Research Output

"Fiery Speech": Vision and Violence in the Poetry of W. B. Yeats and Patrick Pearse

  This paper examines the work of two of the main protagonists behind the cultural and political revival of Ireland in the early twentieth century, W. B. Yeats and Patrick Pearse, looking particularly at some of the religious and spiritual ideas and emotions forming the foundation to their poetry.While Yeats memorialises Pearse, and other 1916 martyrs, in ‘Easter, 1916’, a poem that is in many ways a reply to Pearse’s ‘The Fool’, their respective visions of what the new Ireland should look like – Pearse’s traditional ‘peasant’ Catholicism and Yeats’s heterodox elite Protestantism − were very different. Yet in many of their poems Yeats and Pearse inhabit the persona of prophet or visionary, with what Pearse in ‘The Rebel’ calls ‘the gift of fiery speech’. Their poems, especially those on Ireland, often display a violent anger and outrage that, even so, shares the ultimate aim of resacralising Ireland.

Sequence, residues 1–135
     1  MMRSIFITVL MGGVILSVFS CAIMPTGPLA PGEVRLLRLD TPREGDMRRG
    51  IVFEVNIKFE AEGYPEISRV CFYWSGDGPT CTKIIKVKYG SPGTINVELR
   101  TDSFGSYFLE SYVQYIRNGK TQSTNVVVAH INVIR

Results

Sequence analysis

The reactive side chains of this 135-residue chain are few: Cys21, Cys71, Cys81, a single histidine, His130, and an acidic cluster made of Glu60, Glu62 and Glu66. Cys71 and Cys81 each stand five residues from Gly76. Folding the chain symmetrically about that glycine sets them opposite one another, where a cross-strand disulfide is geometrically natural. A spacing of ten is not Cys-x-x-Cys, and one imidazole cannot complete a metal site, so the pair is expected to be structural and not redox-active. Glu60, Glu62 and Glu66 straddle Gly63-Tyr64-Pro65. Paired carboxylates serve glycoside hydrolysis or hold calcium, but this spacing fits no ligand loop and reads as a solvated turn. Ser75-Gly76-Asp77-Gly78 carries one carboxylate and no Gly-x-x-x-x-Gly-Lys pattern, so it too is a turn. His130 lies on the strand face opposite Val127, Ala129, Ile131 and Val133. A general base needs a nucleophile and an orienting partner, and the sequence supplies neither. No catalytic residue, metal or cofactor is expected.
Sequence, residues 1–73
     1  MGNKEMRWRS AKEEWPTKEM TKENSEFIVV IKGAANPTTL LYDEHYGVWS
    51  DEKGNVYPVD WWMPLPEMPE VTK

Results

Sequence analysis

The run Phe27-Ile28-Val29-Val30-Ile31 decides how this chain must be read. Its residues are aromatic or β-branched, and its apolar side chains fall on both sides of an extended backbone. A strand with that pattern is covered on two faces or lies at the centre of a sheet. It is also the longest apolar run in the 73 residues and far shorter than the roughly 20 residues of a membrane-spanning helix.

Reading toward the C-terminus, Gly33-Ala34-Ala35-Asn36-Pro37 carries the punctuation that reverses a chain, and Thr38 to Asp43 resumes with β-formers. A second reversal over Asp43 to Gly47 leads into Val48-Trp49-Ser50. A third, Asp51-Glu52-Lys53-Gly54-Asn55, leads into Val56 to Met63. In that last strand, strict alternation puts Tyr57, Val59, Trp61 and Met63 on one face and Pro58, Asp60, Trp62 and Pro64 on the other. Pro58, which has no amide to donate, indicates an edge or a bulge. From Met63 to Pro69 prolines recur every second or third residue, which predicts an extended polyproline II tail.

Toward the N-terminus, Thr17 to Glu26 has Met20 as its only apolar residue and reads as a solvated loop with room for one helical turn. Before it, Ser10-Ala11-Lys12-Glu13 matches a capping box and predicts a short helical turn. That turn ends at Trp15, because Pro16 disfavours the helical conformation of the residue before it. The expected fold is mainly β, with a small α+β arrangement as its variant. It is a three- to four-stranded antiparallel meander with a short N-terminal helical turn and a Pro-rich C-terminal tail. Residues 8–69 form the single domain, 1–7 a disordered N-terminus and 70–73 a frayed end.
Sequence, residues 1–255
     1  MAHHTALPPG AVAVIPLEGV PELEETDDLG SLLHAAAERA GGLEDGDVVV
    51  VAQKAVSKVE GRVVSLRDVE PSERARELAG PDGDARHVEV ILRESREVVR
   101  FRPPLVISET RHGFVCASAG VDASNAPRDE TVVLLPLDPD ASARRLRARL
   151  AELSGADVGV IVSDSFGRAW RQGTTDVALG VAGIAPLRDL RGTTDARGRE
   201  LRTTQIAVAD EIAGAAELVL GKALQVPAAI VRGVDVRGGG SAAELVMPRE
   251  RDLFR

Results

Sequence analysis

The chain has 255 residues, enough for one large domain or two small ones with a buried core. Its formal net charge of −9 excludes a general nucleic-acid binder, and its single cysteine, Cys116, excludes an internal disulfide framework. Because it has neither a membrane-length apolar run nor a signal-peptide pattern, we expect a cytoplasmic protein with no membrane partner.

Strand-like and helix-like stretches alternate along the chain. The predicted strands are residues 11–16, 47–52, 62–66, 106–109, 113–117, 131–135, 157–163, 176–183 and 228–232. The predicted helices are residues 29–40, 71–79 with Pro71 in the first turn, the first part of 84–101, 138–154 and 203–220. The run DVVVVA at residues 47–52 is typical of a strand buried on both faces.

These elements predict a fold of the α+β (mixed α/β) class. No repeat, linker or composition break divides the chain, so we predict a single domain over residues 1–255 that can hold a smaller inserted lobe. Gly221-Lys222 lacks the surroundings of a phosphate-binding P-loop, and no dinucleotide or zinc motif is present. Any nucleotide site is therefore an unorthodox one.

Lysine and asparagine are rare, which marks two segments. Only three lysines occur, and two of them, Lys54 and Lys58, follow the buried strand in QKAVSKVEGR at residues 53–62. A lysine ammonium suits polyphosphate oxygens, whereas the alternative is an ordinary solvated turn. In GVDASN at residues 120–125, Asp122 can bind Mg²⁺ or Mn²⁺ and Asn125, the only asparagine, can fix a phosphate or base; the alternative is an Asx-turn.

• Type:

    Conference Paper (unpublished)

  • Date:

    22 August 2016

  • Publication Status:


  • Library of Congress:

    PR English literature

  • Dewey Decimal Classification:

    800 Literature, rhetoric & criticism

  • Funders:

    Edinburgh Napier Funded


Lyall, S. (2016, August). "Fiery Speech": Vision and Violence in the Poetry of W. B. Yeats and Patrick Pearse. Paper presented at ESSE 2016



Irish literature, poetry, nationalism,

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